Gloria Grahame plays an extra-friendly neighbor.

Ryan’s performance is a scorcher; he‘s a perfect villain, bad to the bone. Belafonte’s is compelling and non-clichéd. (He was also one of the producers.) Begley’s is jovial but poignant, a Willy Loman-like salesman peddling his own destruction. The women in the case, a pair of bad blondes – Shelley Winters as Earl’s whining wife and Gloria Grahame as his slutty neighbor – are top-notch.

French noir master Jean-Pierre Melville named “Odds Against Tomorrow” as one of his three all-time favorite movies; the other two were: “The Asphalt Jungle” and “The Best Years of Our Lives.” Along with the 1949 boxing classic “The Set-Up” (which had Ryan in a sympathetic role, as the aging fighter) this is the best of Wise’s crime movies. The screenplay was mostly by the uncredited and blacklisted Abraham Polonsky (“Force of Evil“). The original jazz score is by John Lewis and the Modern Jazz Quartet. The atmospheric black and white cinematography is by Joseph C. Brun (“Edge of the City”).

Tuesday, Jan. 15

10 a.m. (7 a.m.): “Deadline at Dawn” (1946, Harold Clurman). With Susan Hayward and Paul Lukas.

Wednesday, Jan. 16

8 p.m. (5 p.m.) : “Cry Danger” (1951, Robert Parrish). Fast, breezy revenge yarn, with Dick Powell looking for payback, and Rhonda Fleming, William Conrad and William Erdman standing by.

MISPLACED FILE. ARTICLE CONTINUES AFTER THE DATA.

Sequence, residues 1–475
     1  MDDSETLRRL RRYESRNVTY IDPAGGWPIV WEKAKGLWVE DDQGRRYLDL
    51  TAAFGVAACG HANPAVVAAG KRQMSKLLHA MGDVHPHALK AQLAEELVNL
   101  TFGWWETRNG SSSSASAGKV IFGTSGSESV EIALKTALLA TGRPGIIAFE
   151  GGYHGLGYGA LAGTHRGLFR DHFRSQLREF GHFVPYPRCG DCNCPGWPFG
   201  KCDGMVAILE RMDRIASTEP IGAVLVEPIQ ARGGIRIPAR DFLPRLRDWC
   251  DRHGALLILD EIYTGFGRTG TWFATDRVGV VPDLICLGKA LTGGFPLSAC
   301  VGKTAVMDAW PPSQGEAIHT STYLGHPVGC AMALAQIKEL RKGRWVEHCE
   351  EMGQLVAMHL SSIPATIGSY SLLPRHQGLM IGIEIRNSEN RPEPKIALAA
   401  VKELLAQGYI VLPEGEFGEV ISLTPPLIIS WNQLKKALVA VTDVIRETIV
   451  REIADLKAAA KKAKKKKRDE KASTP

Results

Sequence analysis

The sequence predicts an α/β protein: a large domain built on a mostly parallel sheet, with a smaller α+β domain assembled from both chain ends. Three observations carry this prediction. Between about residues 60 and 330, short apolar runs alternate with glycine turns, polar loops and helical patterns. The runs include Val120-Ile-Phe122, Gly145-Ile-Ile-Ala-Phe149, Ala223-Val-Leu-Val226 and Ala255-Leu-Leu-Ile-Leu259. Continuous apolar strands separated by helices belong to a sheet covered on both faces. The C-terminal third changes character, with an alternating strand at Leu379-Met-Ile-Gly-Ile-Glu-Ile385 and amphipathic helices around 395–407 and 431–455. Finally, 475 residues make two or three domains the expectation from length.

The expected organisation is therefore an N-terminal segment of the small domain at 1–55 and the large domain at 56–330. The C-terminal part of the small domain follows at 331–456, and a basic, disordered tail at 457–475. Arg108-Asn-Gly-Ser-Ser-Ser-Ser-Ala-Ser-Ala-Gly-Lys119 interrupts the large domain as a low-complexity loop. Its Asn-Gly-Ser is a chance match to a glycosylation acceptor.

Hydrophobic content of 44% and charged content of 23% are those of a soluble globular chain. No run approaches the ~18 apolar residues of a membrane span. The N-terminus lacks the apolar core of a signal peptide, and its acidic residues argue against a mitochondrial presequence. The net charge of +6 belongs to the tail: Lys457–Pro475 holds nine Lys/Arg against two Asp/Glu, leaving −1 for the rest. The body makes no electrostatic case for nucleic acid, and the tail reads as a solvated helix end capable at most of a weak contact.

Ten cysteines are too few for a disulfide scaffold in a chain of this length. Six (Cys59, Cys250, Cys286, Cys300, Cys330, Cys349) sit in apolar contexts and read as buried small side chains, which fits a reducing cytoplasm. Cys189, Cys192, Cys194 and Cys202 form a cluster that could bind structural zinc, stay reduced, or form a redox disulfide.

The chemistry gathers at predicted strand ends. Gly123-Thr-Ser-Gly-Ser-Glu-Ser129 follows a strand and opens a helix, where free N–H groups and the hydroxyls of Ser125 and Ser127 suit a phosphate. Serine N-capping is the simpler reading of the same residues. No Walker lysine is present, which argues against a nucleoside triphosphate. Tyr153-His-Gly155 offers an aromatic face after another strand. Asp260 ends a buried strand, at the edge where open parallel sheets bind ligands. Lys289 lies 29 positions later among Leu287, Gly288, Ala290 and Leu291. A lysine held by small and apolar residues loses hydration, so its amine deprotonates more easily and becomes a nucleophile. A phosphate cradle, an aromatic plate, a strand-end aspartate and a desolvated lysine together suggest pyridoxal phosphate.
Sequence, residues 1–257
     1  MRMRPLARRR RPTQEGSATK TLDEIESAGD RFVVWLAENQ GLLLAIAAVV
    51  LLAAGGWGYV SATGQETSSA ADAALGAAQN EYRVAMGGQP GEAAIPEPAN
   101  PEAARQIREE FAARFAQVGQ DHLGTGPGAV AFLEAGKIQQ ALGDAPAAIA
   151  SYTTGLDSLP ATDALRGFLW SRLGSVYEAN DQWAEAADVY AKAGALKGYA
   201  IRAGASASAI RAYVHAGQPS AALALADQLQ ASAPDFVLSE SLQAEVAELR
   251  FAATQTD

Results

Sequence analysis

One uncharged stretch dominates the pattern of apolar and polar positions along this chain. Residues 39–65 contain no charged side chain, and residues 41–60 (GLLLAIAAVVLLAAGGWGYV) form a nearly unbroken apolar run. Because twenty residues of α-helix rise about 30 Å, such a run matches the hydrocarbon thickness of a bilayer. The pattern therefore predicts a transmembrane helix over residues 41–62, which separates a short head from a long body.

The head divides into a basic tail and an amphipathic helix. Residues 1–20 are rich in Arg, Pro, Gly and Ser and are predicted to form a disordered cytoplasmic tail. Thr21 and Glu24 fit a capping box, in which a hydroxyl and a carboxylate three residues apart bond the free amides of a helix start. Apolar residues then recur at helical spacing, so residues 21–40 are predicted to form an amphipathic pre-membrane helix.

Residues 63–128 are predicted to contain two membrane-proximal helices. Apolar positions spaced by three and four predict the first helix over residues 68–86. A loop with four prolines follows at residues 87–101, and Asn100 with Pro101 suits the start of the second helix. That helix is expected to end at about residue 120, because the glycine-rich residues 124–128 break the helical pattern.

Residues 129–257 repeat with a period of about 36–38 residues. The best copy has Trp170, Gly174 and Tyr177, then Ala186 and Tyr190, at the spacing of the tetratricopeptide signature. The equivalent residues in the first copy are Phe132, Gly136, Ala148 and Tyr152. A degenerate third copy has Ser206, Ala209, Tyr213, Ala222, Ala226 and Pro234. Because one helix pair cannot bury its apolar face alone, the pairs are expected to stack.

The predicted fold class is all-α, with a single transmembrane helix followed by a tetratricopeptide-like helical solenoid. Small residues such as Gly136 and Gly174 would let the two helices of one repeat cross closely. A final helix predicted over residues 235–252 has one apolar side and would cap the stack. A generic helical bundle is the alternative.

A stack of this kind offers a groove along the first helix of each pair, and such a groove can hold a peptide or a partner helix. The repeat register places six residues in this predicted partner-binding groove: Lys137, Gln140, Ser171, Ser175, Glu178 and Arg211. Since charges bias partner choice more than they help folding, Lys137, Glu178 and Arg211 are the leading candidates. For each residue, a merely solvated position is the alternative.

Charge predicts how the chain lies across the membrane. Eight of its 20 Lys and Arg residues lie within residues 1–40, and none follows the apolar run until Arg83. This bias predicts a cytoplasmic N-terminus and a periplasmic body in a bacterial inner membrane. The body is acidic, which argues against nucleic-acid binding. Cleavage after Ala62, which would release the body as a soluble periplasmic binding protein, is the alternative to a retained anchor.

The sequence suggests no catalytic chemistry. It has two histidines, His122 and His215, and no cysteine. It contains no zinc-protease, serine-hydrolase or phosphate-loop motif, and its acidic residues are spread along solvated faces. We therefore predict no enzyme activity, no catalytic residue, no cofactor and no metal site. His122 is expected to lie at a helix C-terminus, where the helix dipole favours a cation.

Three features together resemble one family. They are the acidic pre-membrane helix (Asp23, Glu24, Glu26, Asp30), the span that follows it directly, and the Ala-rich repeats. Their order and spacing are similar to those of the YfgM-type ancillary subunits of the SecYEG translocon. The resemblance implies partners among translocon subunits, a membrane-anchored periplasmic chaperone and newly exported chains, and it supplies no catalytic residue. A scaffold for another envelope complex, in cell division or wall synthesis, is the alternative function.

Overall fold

12:45 a.m. (9:45 a.m.): “The Breaking Point” (1950, Michael Curtiz). With John Garfield and Patricia Neal.

2:30 a.m. (11:30 p.m.): “The Prowler” (1951, Joseph Losey). With Van Heflin and Evelyn Keyes.

Cary Grant and Ingrid Bergman

Friday, Jan. 18

4 p.m. (1 p.m.): “Notorious” (1946, Alfred Hitchcock). With Cary Grant, Ingrid Bergman and Claude Reins.

Saturday, Jan. 19

10:45 a.m. (7:45 a.m.): “The Big Knife” (1955, Robert Aldrich). Clifford Odets’ backstage Hollywood shocker of a play is like a faceful of acid, and director Aldrich pulls no punches. Jack Palance is the beleaguered movie star Charlie Castle; surrounding him in an infernally corrupt studio system are Ida Lupino, Rod Steiger, Shelley Winters and Everett Sloane.

8 p.m. (5 p.m.): “Lolita” (1962, Stanley Kubrick). With James Mason, Sue Lyon and Peter Sellers.

3 a.m. (12 a.m.): “I Died a Thousand Times” (1955, Stuart Heisler). Color and Cinemascope remake of the Raoul WalshHumphrey BogartIda Lupino gangster saga “High Sierra,” with the original stars replaced by Jack Palance and Shelley Winters. Inferior, but not awful. With Lee Marvin in his snarl mode.

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The Noir File: French style from Jean Gabin in ‘Grisbi’

By Michael Wilmington and Film Noir Blonde

The Noir File is FNB’s guide to classic film noir, neo-noir and pre-noir on cable TV. All movies below are from the schedule of Turner Classic Movies (TCM), which broadcasts them uncut and uninterrupted. The times are Eastern Standard and (Pacific Standard). Lots of Robert Mitchum and Gloria Grahame this week!